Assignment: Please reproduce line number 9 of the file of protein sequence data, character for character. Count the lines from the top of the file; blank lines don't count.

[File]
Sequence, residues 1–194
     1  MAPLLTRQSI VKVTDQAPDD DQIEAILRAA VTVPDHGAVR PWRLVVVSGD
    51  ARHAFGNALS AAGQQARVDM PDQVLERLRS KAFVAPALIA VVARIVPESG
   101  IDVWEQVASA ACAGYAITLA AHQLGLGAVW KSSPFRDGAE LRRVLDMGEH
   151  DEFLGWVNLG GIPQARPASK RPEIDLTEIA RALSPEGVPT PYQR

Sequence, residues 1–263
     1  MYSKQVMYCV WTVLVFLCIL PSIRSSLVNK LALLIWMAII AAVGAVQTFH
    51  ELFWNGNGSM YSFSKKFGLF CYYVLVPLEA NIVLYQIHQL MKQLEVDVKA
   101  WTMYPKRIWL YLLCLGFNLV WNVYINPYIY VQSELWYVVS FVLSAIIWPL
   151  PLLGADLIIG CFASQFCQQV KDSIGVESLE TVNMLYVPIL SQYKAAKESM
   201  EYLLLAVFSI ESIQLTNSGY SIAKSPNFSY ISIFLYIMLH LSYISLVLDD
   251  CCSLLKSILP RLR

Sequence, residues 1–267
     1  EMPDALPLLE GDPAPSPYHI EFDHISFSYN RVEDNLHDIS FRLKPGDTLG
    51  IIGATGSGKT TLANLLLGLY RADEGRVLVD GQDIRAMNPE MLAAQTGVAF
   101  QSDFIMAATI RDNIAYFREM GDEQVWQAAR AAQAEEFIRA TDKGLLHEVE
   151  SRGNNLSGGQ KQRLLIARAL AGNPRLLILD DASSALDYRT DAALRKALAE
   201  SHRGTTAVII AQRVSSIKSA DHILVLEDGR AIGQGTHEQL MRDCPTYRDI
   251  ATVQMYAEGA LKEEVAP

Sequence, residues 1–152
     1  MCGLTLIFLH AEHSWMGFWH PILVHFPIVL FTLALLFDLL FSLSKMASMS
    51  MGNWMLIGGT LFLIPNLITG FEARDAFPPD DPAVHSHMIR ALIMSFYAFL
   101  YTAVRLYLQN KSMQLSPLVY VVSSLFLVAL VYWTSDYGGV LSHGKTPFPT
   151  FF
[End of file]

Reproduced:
   101  WTMYPKRIWL YLLCLGFNLV WNVYINPYIY VQSELWYVVS FVLSAIIWPL